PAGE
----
The shadow home secretary says confidence is waning in the police following recent failings.
Control centres answering 999 calls need domestic abuse specialists on hand, the shadow home secretary says.
Speaking to the BBC’s Laura Kuenssberg, Yvette Cooper said Labour would install the specialists to provide “expertise to deal with difficult cases”.
It comes after Norfolk Police referred itself to the watchdog for not responding to a 999 call from a house where four bodies were later found.
Ms Cooper said the case was indicative of a wider resourcing issue.
The Home Office has been contacted for comment.
Ms Cooper described the incident in Norfolk as “deeply troubling”.
“Rightly, this case has now been referred for investigation because there does appear to have been a 999 call that wasn’t responded to,” she said.
Whether a domestic abuse specialist present in the call centre would have made a difference is unclear, she added.
“I do think there is a wider issue here about the 999 response to particularly domestic abuse cases,” she said.
In the early hours of Friday morning, an emergency call was made from a house in Costessey, near Norwich. Police resources were not deployed.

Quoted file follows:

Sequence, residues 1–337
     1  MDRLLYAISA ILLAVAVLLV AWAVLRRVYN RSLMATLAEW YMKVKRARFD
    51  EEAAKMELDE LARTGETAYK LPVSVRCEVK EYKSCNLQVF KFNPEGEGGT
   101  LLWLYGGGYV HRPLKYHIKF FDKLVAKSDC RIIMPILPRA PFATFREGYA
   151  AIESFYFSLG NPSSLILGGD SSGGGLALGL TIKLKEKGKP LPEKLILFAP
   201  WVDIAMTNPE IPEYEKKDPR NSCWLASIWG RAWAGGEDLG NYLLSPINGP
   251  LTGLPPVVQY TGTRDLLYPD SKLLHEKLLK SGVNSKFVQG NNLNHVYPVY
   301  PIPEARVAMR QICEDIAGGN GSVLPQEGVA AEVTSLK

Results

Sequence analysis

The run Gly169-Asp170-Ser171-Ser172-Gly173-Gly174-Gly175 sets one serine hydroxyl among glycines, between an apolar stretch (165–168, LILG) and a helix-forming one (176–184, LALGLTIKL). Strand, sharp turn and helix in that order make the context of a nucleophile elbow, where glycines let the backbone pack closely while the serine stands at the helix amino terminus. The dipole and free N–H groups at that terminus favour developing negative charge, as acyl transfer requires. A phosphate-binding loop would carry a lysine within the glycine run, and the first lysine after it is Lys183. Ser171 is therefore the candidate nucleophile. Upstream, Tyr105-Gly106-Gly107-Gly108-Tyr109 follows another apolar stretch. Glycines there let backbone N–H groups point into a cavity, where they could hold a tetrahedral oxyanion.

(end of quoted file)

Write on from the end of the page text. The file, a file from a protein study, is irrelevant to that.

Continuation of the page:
Later that morning, officers forced entry to the property following a call from a neighbour, and found a man, woman and two young girls dead.
The force has referred itself to the Independent Office of Police Conduct.
Ms Cooper also pointed to the 2018 case of Raneem Oudeh, who called 999 six times, following an altercation with her estranged husband Janbaz Tarin.
The final emergency call recorded the moment he killed her and her mother Khaola Saleem.
Figures obtained by the Liberal Democrats last year showed victims of burglaries and domestic incidents were sometimes waiting more than 13 hours for police to attend,
In July, the government announced police officers in England would no longer respond to concerns about mental health if there is no risk to life or crime being committed in a bit to save police time.
“Police are having to pick up the pieces from all kinds of different crises, be they mental health, be they other crises and failings elsewhere in the system, and they are often overstretched,” Ms Cooper said.
“But we need to make sure that people have the confidence that, if they are in an emergency, the police will be there when they need them and I think too often people don’t feel that is the case,” she said.